Fast 3D flow reconstructions from 2D cross-plane observations
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A computationally efficient flow reconstruction technique is proposed, exploiting homogeneity in a given direction, to recreate three-dimensional instantaneous turbulent velocity fields from snapshots of two dimension planar fields. This methodology, termed as ’snapshot optimisation’ or SO, can help to provide 3D data sets for studies which are currently restricted by the limitations of experimental measurement techniques. The SO method aims at optimising the error between an inlet plane with a homogeneous direction and snapshots, obtained over a sufficient period of time, on the observation plane. The observations are carried out on a plane perpendicular to the inlet plane with a shared edge normal to the homogeneity direction. The method is applicable to all flows which display a direction of homogeneity such as cylinder wake flows, channel flow, mixing layer, and jet (axisymmetric). The ability of the method is assessed with two synthetic data sets, and three experimental PIV data sets. A good reconstruction of the large-scale structures is observed for all cases. The small-scale reconstruction ability is partially limited especially for higher dimensional observation systems. POD-based SO method and averaging SO variations of the method are shown to reduce discontinuities created due to temporal mismatch in the homogenous direction providing a smooth velocity reconstruction. The volumetric reconstruction is seen to capture large-scale structures for synthetic and experimental case studies. The algorithm run time is found to be in the order of a minute providing results comparable with the reference. Such a reconstruction methodology can provide important information for data assimilation in the form of initial condition, background condition, and 3D observations.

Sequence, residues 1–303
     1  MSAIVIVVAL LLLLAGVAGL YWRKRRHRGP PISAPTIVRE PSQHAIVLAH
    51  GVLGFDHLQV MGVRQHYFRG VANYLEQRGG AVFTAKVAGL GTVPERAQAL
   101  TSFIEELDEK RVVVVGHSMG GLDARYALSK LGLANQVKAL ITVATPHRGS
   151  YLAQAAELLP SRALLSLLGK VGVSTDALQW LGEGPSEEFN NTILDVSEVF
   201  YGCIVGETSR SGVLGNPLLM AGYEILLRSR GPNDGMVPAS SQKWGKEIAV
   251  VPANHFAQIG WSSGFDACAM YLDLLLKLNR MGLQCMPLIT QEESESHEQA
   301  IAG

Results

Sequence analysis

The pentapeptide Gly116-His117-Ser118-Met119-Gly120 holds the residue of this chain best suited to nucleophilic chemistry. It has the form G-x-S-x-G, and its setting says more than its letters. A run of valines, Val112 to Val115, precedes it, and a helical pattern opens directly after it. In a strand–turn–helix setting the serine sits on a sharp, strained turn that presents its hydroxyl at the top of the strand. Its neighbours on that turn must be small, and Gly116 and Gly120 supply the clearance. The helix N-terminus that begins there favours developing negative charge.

The authors would like to thank Anthony Guibert for providing the experimental data sets (cases 3 and 5), and Sylvain Laizet for the channel flow DNS data set.
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